through. In particular, it is possible to generalize convex analysis in a natural
way, and to obtain generalized notions of convex conjugates, of convexity,
and of a subdifferential that are perfectly suited to the problem. A general
result on the existence of dual minimizers will be given, as well as sufficient
conditions for the existence of a solution to the Monge problem.
Chapter 8 considers the optimal network flow problem, which is a generalization of the optimal assignment problem considered in chapter 3. In
optimal flow problems, one considers a network of cities, or edges, to move
a distribution of mass on supply nodes to a distribution of mass on demand
nodes. The difference from a standard optimal assignment problem is that
the matching surplus associated with moving from a supply location to a
demand location is not necessarily directly defined; instead, there are several
paths from the supply location to the demand location, among these some
yield maximal surplus. Therefore, both the optimal assignment problem and
the shortest path problem are instances of the optimal flow problem; these
instances are representative in the sense that any optimal flow problem may
be decomposed into an assignment problem and a number of shortest path
problems. We will show how to easily compute these problems using linear
programming.
Chapter 9 offers a selection of applications to economics: partial identification in econometrics in section 9.1, inversion of demand systems in
section 9.2, computation of hedonic equilibria in section 9.3, identification
via vector quantile methods in section 9.4, quantile regression in section 9.5,
multidimensional screening in section 9.6, and pricing of financial derivatives
in section 9.7.
Chapter 10 concludes with perspectives on computation, duality, and
equilibrium.

1.7 NOTATION AND CONVENTIONS
Throughout this text we have tried to strike a good balance between
mathematical precision and ease of exposition. A probability measure will
always mean a Borel probability measure; a set will always mean a measurable
set; a continuous probability or continuous distribution means a probability
measure which is absolutely continuous with respect to the Lebesgue measure; a convex function means a convex function which is not identically +∞.
Usual abbreviations will be used: c.d.f. means the cumulative distribution
function; p.d.f. means probability density function; a.s. means almost surely;
depending on the context, s.t. means such that or subject to.


10



Chapter 1

Given a smooth function f : Rd → R, the gradient of f at x, denoted
∇f (x), is the vector of partial derivatives (∂f (x)/∂x1 , . . . , ∂f (x)/∂xd ). Given a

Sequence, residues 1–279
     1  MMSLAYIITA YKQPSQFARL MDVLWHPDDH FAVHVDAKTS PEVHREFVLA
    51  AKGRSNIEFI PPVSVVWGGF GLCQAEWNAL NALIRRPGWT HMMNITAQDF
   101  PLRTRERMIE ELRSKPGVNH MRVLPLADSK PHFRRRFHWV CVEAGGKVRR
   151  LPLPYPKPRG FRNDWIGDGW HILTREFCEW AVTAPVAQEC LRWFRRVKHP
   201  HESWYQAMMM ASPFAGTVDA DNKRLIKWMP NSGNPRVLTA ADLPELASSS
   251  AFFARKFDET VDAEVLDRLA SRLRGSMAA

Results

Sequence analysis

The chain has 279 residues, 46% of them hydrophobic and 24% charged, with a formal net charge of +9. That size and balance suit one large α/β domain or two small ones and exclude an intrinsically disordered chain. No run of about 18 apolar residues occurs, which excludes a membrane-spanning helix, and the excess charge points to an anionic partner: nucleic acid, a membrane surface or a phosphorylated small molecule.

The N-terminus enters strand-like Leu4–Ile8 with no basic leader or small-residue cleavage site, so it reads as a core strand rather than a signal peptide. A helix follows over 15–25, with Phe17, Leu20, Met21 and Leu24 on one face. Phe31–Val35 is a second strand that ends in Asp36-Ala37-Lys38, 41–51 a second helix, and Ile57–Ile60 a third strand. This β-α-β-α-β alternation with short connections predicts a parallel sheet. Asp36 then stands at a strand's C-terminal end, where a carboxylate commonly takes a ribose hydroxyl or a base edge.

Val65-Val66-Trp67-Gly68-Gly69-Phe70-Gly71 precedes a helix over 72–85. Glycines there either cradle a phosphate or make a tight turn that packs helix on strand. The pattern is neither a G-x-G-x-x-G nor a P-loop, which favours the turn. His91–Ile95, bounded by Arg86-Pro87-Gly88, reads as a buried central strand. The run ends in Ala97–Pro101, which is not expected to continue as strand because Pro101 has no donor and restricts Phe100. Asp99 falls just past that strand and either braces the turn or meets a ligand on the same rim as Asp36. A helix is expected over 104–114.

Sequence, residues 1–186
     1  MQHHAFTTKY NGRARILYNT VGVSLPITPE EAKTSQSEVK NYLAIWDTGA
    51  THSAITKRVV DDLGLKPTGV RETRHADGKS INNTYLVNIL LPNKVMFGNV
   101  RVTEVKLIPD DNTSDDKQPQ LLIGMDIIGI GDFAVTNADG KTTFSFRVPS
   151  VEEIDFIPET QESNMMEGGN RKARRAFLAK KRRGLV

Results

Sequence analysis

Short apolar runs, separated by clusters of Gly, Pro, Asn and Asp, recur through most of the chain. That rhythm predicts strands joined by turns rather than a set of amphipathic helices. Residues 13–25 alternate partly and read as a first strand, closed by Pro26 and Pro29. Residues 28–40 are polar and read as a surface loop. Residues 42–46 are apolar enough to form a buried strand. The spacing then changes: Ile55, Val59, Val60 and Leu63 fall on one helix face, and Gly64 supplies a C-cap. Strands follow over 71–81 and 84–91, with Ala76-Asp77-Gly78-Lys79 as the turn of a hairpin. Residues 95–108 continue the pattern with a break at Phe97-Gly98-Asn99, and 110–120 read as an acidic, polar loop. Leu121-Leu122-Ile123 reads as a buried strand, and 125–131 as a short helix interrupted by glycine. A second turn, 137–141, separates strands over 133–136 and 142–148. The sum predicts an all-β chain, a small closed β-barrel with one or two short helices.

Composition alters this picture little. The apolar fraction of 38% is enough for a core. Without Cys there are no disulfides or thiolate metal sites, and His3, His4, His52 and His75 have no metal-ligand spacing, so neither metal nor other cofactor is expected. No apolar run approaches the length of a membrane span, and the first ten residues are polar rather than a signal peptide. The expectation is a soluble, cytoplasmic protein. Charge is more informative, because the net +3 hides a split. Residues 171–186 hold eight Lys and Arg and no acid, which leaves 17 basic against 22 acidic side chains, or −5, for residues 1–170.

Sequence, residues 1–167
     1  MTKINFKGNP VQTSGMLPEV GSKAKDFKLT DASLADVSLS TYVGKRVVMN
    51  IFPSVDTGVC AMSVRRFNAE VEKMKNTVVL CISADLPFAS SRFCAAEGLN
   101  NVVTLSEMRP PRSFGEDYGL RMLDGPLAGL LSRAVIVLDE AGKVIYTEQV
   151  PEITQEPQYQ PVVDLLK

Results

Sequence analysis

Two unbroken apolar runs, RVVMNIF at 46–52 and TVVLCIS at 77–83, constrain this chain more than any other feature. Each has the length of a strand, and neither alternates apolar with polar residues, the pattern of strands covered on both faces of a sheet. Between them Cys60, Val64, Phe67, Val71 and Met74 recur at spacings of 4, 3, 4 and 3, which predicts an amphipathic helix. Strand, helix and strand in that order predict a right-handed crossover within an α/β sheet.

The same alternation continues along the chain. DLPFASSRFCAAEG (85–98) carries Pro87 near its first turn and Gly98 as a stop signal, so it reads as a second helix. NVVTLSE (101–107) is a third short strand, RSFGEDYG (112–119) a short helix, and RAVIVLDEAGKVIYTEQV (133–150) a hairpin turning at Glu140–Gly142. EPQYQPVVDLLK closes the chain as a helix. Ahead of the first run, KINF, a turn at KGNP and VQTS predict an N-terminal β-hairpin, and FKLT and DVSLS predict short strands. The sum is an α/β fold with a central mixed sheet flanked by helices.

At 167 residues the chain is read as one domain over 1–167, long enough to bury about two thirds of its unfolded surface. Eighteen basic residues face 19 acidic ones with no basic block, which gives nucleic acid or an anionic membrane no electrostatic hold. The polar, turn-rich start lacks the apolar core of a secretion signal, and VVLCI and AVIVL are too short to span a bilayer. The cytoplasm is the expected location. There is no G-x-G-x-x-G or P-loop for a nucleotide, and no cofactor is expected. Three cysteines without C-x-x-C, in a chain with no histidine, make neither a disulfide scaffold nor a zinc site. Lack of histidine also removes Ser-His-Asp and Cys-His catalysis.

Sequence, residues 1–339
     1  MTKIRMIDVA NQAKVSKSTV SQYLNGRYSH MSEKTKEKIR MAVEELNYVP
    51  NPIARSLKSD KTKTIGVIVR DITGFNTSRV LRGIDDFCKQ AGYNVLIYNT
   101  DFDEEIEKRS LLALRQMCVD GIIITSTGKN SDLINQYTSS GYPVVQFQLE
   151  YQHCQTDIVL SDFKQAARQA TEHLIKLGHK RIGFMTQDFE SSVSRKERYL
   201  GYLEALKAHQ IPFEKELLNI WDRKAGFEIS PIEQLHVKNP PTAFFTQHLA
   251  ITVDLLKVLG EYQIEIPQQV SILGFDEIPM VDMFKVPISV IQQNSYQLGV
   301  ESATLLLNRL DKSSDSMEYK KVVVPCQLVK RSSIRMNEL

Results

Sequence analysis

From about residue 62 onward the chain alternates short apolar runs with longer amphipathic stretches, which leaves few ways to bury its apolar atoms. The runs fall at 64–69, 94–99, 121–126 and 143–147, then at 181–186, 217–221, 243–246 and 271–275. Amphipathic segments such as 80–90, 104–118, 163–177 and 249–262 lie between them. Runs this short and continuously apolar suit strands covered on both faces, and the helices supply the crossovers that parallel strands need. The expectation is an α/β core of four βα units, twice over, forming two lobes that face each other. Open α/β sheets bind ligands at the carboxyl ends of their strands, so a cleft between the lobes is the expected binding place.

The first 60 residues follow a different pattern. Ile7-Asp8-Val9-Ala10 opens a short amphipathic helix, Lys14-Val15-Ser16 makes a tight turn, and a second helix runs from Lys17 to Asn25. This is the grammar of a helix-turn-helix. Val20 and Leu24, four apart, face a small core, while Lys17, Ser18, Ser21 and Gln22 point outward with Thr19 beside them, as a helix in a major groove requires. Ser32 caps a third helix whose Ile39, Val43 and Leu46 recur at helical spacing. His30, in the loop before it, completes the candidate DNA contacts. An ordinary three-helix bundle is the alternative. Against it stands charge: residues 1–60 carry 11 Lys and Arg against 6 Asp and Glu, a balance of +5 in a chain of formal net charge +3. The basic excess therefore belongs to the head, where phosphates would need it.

function f : Rk → Rl , Df (x) is the Jacobian matrix of f at x, that is, the matrix
of partial derivatives ∂f i (x)/∂x j , 1 ≤ i ≤ l, 1 ≤ j ≤ k. The Dirac mass at x0 ,
denoted δx0 , is the probability distribution whose c.d.f. is F(x) = 1 {x0 ≤ x}.
The notation A spd B means A – B is symmetric, positive semidefinite.
Given a compact set C of Rd , the notation U (C) denotes the uniform
distribution on C, which is simply denoted U when C = [0, 1] is the unit
interval. The set L1 (P) is the set of functions which are integrable with respect
to P. X ∼ P means X has distribution P. Perhaps less standard notation is
M(P, Q), which denotes the set of couplings of P and Q, which is the set of
probability measures π such that if (X , Y ) ∼ π, then X ∼ P and Y ∼ Q.
Throughout this book, we shall try to have consistent notation, which we
now summarize. Some exceptions are made in chapter 9, where we sometimes
choose to use notation that is more traditional in the given application.
Agents: The types or attributes of workers are denoted by x ∈ X , and the
types or attributes of firms (or jobs) are denoted by y ∈ Y. Whenever needed,
i indexes individual workers, and j indexes individual firms.
Probabilities: A probability measure on X is denoted by P and on Y by Q.
The probability measure of observing pair (x, y) is denoted by π ∈ M(P, Q);
according to the context (continuous or discrete), this probability measure
may be identified with its p.d.f. or with its probability mass function in the
discrete case.
Utilities: The pretransfer surplus of a type x when matched with a type y
is denoted by α(x, y), and the pretransfer surplus of a type y when matched
with a type x is denoted by γ(x, y). The matching surplus of a couple (x, y)
is denoted by Φ(x, y) = α(x, y) + γ(x, y). The equilibrium monetary transfer
(wage) from y to x within pair (x, y) is denoted by w(x, y). The posttransfer
indirect surplus of a type x is denoted by u(x), and the posttransfer indirect
surplus of a type y is denoted by v(y).
Whenever types x and y are discrete, we will prefer to use subscript
notation, that is, Φxy instead of Φ(x, y).